Young people would see the cost of their car insurance slashed by a fifth, or around £370 a year, if the government set new standards to turn them into safer drivers, insurers said yesterday.
The Association of British Insurers (ABI) said that the way in which youngsters learn to drive is “not fit for purpose” and estimates that young drivers’ premiums could be cut by up to 20 per cent if standards were raised.
The ABI said that making younger people drive more safely is the “only way” that young drivers will be able to receive more affordable insurance.
It said that extra measures which would cut accident rates and therefore bring down insurance costs include introducing a one-year minimum learning period, limiting the number of young passengers that young drivers can carry and restricting night time driving for a set period after the driving test.
It is also calling for a zero blood alcohol driving limit for an initial period after someone has passed their test.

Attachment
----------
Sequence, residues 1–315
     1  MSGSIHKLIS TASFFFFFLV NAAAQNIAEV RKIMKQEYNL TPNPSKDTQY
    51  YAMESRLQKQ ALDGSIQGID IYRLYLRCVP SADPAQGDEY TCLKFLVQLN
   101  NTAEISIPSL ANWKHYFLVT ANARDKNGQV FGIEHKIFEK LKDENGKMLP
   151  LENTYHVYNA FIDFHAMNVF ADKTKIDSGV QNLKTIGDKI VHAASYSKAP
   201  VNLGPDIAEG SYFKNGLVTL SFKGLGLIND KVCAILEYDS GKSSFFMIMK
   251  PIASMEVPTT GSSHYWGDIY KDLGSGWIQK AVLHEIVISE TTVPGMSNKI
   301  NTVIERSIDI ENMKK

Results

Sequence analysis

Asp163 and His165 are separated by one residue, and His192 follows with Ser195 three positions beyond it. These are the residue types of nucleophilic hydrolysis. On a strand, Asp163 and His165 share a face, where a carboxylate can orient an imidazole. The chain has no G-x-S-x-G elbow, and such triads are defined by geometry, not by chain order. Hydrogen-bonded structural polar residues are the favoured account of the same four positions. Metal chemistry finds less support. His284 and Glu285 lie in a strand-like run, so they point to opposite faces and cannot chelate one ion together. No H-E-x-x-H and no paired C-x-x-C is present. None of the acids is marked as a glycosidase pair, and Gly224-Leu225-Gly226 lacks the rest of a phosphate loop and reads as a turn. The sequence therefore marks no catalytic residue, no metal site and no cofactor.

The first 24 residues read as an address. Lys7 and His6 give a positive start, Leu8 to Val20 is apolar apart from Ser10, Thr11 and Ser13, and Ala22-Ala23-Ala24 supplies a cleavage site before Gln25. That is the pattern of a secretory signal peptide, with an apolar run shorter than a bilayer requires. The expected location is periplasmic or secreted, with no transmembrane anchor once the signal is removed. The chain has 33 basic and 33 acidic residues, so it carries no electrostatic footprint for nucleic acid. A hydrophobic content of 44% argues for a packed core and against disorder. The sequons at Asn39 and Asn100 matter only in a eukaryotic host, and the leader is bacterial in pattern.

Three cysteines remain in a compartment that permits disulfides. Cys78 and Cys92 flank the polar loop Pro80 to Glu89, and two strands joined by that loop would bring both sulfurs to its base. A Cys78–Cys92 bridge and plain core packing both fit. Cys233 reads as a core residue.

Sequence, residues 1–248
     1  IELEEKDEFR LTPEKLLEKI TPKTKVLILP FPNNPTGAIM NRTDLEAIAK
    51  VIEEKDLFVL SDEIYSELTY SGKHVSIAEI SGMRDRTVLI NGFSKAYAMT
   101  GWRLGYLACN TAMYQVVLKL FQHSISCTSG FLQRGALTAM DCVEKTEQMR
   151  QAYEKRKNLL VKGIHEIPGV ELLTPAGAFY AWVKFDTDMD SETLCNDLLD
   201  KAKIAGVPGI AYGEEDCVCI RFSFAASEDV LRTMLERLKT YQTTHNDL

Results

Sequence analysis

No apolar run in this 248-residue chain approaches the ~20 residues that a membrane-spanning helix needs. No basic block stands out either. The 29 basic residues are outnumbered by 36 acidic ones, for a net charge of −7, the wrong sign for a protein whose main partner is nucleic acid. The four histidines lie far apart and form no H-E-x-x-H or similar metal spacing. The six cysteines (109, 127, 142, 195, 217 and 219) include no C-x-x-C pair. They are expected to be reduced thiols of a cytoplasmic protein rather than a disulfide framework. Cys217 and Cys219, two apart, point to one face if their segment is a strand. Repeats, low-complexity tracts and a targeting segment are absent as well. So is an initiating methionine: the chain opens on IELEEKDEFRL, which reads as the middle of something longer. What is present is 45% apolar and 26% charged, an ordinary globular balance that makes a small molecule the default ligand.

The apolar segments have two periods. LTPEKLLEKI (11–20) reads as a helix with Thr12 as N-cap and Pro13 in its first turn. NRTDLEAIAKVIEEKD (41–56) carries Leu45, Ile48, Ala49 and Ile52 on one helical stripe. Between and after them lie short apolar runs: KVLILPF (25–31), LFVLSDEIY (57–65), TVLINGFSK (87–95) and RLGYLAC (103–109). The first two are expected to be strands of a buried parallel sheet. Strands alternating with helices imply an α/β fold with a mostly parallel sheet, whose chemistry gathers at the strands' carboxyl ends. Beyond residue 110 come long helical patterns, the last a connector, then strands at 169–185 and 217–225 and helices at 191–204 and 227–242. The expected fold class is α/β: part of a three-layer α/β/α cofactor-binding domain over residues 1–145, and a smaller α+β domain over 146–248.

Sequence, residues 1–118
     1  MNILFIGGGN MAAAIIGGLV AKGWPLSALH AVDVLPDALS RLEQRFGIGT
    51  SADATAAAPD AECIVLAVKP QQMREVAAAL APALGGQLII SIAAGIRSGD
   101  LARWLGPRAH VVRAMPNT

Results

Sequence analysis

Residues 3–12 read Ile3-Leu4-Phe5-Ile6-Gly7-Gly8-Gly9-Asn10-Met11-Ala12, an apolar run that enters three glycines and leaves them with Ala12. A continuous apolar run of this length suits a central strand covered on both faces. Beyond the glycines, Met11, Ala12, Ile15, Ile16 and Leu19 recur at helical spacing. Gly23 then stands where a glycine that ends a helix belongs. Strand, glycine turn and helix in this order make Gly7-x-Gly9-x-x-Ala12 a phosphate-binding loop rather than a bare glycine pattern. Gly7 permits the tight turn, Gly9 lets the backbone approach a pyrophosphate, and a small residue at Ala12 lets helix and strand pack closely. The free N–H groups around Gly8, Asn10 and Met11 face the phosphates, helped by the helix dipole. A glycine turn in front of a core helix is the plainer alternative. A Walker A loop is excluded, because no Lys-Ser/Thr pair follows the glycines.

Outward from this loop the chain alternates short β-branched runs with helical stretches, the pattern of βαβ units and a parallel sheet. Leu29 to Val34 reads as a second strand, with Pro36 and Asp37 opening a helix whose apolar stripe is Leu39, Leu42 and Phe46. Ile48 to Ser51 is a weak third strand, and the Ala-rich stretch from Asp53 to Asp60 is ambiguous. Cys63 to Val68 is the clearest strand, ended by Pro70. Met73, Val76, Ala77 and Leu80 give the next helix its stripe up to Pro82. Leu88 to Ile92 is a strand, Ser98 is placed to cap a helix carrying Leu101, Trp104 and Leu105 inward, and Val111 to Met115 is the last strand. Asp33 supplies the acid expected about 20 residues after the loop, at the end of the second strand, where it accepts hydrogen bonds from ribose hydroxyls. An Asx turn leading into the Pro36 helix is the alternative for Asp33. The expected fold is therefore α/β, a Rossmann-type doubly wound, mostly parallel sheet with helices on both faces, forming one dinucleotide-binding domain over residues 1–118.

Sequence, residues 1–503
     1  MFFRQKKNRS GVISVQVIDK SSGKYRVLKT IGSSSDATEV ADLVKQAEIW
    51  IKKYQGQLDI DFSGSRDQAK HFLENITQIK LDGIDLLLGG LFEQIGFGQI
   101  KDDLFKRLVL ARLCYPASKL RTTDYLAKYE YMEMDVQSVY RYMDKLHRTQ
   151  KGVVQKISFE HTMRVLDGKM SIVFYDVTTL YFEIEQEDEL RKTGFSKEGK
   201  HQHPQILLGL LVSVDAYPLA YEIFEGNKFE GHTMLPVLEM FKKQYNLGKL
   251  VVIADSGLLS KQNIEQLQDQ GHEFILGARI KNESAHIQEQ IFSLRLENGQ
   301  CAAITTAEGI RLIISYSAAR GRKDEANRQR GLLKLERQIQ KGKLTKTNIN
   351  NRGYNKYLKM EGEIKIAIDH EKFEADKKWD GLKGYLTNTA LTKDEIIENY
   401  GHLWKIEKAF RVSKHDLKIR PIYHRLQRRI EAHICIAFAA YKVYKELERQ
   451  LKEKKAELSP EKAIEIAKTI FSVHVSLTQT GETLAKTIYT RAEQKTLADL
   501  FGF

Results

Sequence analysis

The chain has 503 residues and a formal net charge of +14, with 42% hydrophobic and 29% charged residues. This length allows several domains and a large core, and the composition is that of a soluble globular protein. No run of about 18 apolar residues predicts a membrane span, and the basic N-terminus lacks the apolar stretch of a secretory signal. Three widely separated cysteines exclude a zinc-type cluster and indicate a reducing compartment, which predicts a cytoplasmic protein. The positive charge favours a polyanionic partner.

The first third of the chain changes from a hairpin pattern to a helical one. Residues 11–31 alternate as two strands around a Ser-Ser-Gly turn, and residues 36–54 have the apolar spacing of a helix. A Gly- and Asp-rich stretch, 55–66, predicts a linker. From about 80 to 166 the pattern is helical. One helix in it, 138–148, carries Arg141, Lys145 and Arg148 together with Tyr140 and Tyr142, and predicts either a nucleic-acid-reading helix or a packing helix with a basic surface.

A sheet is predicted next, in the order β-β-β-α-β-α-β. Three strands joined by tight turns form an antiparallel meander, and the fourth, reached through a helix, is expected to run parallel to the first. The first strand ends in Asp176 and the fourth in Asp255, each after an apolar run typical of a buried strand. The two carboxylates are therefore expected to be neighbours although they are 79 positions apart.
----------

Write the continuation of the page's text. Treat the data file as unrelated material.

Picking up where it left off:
The ABI wants to see a “firm commitment” from government to consult on changes to the driver training and testing regime and said similar restrictions have worked in countries like the United States, Canada, Australia and New Zealand.
The ABI said that 40 per cent of 17-year-old men have an accident in their first six months of driving and the single biggest cause of accidental death of young people aged 15-24 is dying in a crash.
Otto Thoresen, the ABI’s director general, said: “Sadly, young newly-qualified drivers are at a much higher risk of having a serious crash which is reflected in the cost of their car insurance.